OCTOBER 8, 1952
NEW YORK, Tuesday—I have a letter in the mail this morning accusing me of writing condescendingly and as though I felt superiority over the people of the South.
I want to say immediately that I have no sense of superiority over anybody, and I cannot conceive of how I could have written in a condescending manner.
We must all say what we think about the issues facing the country. And it is quite evident that anyone expressing his views may be proved wrong. But in expressing one's view one cannot be condescending, for one is putting oneself in the position of having to argue with other people who disagree, and one would do that only with equals, not with people one considered inferior.
* * *
This is the time of year when we are confronted not only with an election but a succession of "weeks" and "days"!
I have a request from the Laymen's National Committee for Bible Week to mention the fact that October 20 through the 26 will be celebrated for the twelfth time as National Bible Week. This committee urges us all "to take this one week out of the fifty-two to make it an occasion for prayer and meditation and a period in which to plant in the hearts of everyone a belief and faith in God and a thankfulness for our American way of life."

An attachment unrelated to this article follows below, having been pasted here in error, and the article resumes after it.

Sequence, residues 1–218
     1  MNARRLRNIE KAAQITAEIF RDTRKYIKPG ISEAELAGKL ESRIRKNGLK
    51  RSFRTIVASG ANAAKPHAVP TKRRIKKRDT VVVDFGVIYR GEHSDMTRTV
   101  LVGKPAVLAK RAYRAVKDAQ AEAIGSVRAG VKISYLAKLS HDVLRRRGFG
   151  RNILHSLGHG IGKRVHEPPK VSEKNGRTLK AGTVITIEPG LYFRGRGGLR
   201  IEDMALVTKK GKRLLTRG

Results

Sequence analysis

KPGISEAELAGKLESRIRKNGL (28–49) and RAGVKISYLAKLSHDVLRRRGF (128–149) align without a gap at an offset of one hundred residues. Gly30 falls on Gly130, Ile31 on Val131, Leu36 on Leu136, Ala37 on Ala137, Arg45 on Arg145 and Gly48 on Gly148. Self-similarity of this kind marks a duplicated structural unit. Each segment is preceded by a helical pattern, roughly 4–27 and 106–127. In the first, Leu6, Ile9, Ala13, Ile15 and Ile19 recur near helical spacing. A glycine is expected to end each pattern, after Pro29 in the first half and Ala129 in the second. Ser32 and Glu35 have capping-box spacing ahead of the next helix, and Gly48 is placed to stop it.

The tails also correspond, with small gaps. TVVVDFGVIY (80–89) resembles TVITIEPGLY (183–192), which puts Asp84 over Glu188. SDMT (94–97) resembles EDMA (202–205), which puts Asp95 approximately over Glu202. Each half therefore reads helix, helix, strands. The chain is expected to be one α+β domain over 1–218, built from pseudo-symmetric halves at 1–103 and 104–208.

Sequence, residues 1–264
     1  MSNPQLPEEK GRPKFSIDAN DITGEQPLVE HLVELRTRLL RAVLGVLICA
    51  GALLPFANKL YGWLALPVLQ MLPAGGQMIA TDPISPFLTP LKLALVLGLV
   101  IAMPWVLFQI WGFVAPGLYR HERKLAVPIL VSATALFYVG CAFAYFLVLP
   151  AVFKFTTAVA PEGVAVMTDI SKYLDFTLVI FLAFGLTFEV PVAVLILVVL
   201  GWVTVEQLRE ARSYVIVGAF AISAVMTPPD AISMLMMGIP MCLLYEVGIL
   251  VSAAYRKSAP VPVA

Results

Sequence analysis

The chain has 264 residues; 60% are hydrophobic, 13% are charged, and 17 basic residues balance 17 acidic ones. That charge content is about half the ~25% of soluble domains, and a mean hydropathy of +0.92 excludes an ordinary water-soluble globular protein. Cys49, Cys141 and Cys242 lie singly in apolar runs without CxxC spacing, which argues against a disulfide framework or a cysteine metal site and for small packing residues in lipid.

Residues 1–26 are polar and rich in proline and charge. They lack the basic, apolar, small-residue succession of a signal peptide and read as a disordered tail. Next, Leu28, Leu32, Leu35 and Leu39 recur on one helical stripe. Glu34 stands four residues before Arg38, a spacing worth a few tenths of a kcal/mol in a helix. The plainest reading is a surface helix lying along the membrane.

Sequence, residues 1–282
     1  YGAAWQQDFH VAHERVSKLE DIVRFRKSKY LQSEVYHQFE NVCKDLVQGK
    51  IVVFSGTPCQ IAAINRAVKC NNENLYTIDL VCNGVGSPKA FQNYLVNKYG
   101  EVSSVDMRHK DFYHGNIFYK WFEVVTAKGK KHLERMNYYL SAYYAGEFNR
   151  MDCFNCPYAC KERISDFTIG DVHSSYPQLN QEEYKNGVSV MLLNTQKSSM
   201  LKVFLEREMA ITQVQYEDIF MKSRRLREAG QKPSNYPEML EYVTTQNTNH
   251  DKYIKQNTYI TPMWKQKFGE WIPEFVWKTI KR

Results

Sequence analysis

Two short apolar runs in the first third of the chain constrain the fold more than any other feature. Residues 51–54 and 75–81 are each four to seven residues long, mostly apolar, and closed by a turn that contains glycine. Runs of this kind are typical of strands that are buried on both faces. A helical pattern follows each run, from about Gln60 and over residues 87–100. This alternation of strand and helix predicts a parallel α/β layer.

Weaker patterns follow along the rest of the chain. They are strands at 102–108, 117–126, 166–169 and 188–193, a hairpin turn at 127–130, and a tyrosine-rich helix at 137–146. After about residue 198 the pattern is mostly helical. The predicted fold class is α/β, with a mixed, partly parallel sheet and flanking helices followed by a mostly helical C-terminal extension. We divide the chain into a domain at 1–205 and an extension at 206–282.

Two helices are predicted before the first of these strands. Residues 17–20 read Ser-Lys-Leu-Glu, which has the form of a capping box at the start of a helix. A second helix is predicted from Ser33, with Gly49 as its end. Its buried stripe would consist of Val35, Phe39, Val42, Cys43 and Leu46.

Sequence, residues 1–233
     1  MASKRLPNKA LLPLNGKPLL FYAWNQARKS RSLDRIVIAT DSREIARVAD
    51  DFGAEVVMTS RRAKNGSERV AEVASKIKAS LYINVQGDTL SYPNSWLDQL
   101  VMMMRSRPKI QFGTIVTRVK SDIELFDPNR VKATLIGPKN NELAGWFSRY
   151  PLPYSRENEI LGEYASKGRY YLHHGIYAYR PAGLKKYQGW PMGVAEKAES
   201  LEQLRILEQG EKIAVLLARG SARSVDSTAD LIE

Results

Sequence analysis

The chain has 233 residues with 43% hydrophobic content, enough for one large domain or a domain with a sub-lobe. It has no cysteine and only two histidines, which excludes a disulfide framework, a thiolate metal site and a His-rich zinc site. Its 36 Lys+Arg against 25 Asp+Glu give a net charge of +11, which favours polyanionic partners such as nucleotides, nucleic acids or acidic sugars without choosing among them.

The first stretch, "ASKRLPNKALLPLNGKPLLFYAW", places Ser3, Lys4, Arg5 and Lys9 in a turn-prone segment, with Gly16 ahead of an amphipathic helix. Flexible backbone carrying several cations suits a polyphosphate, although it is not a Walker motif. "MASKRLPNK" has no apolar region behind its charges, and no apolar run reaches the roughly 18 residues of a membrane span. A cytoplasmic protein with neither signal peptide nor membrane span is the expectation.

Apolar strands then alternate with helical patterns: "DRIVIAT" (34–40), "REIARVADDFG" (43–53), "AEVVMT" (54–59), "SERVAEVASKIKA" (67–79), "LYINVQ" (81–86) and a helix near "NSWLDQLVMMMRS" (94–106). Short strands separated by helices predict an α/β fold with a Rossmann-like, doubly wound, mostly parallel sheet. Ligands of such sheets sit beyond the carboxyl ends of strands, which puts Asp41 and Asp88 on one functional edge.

Another announcement that will be of interest to many people is sent out by the American Biblical Encyclopedia Society. It tells us that on October 22 there will be published for the first time in English the Torah Shelmah (Complete Torah), which is a definitive and monumental work of the Hebrew Bible dating from the era of Moses—about 1300 B.C.—through the Middle Ages.
This will be the first time that in one encyclopedia a vast treasure house of Jewish culture and learning, containing the written and oral law, has been made available. This publication will contain all known commentaries of rabbinic sages for the past 2,000 years, and also a running commentary by the author on the selected material. This ought to be not only valuable to students of the Bible but valuable to many laymen in better understanding of the teachings of the Jewish religion. It is only as we understand the beliefs and the religious laws by which others live that we will understand some of their spiritual motivations.
I have read with great interest some of the books on the Hindu and Moslem religions that have been given to me in the past few years and they help very much in the understanding of the peoples of the countries where these are the principal religions.